Introduction to Behavior-Based Design

Introduction to Behavior-Based Design

In general, I think that a product is only as good as its ability to co-opt behavior. Techcrunch is littered with the stale remains of gorgeous products that were executed to perfection, but failed to get any true user adoption.They failed to fit into, or change, the behavior patterns of their users.

This point is obvious. The question now becomes: Why did they fail to fit into, or change, the behavior patterns of their users?

In general, when a behavior doesn’t occur, it’s because at least one of the three following things is missing (or insufficient).

  1. Motivation
  2. Ability
  3. Trigger

In order for a behavior to occur, a person must first be motivated and able to perform the behavior. Then, if they have an ample level of motivation and ability to perform the given behavior, they will follow through when cued/triggered.

This simple model is called the Fogg Behavior Model. It’s named after BJ Fogg, the head of the Stanford Persuasive Technology Lab.

We can break each of the above elements into sub-elements to gain greater clarity. But, for now, let’s just stick at this macro-level using an example behavior: running.

Let’s say that you wanted to go running this afternoon, but didn’t. Why is this?

It could be that you totally forgot to go running because you were caught up in some other activity. Perhaps you were deeply entranced by the new season of House of Cards. In that case, the behavior wasn’t performed due to the lack of a cue/trigger.

Or, you might not have gone running because you didn’t get much sleep the night before and were absolutely exhausted when you got home. In this case, the behavior wasn’t performed due to a lack of ability.

Or, you might not have gone running because, to be honest, you feel pretty good and aren’t overweight — you have no burning desire/purpose to go running. In this case, the behavior wasn’t performed due to a lack of motivation.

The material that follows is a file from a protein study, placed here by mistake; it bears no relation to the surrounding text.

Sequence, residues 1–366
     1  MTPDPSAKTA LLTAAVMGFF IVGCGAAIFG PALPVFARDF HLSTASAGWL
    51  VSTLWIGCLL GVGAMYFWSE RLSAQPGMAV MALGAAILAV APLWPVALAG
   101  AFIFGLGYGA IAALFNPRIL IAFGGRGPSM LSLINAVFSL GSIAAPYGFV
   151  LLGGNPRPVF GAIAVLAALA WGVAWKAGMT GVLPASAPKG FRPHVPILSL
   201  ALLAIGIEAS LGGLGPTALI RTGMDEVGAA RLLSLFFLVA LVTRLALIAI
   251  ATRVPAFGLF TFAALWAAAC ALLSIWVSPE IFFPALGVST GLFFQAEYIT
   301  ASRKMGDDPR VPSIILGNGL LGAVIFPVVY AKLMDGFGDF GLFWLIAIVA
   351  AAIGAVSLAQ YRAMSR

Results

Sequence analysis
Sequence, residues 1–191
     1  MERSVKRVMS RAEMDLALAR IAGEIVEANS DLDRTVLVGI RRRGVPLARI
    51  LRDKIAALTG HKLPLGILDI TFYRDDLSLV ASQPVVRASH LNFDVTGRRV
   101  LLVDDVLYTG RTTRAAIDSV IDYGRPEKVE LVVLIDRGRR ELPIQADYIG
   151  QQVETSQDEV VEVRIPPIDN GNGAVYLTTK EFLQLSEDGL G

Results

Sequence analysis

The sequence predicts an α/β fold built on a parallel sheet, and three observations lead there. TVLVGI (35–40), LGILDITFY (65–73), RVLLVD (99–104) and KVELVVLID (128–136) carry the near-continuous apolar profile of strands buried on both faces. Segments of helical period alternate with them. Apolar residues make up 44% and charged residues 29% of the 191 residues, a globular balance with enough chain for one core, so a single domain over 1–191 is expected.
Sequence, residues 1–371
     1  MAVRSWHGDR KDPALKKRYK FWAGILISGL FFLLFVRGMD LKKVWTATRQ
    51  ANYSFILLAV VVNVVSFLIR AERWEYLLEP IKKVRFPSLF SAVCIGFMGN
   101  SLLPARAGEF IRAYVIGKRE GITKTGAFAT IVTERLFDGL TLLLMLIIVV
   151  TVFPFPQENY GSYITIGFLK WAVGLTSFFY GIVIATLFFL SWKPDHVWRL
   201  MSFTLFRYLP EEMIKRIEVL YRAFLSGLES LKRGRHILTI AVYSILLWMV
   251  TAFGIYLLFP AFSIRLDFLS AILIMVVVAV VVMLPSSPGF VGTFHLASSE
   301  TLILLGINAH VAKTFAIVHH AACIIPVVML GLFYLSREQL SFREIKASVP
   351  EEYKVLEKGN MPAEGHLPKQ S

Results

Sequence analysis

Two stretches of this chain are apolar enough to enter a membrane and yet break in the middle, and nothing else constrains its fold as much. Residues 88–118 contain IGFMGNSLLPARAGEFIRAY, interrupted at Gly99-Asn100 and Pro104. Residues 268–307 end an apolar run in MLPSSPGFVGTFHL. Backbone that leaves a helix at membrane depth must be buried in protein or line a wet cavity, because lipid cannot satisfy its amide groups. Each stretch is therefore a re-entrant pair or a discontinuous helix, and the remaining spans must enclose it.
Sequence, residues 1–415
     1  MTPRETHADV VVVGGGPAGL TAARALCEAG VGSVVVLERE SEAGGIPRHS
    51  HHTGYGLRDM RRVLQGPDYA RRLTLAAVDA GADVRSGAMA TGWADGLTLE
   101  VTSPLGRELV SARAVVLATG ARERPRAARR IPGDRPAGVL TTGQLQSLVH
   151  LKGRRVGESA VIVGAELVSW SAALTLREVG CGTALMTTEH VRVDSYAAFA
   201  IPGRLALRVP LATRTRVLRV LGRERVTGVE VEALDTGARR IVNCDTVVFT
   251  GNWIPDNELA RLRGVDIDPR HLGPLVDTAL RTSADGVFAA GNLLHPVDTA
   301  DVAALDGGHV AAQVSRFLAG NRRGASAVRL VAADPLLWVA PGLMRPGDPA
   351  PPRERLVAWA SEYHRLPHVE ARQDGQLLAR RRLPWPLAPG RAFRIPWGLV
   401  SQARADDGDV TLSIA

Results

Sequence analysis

So, when we’re looking at a behavior, such as searching with Google, we have to ask ourselves where the problem lies. In most situations, all three elements are guilty. However, there is usually a primary perpetrator — a primary behavioral bottleneck that must be identified and solved.


From my experience, the primary behavioral bottleneck with most apps is the trigger.

As I’ve written with Nir Eyal, there are two primary types triggers:

  1. Internal
  2. External

In general, an internal trigger is created when a user consistently has a great experience with an application. After consistently getting rewarded by an application, an association is made between the application and the need that prompted the opening of the application. For Instagram, the internal trigger could be the thought “Wow! That’s beautiful! I should take a picture”. For Yelp, it could be, “I’m hungry. Where should I eat?”. Since internal triggers take the form of internal drives and thoughts, they’re pretty much impossible to measure or rely on. That’s why external triggers are a product designer’s best friend.

Here are some examples of external triggers:

  • Emails
  • Push notifications
  • Text messages
  • Signs/Notes

If a user is presented with a call to action when they’re able and somewhat motivated to perform a behavior, it’s likely that they will. If they then have a good experience inside of the app, they will be reinforced to use it again in the future. If the following occurs enough times, a habit will be formed:

Trigger (usually external) → Open app → Good experience

Companies like Facebook have heavily relied on external triggers in order to build habits into their users. The goal is to get your users thinking about your app as often as possible throughout the day. This does a couple different things:

  1. It increases the probability that they’ll open and use the app.
  2. It gives us the chance that users will make an association between the application and daily use cases.

For example, imagine if Yahoo started sending users 5-10 notifications a day along these lines:

  • Need something? Just type it in here.
  • Hungry? We have some great restaurant recommendations for you.
  • Want to know if you need a jacket tomorrow? We have some great weather apps for you.
  • etc.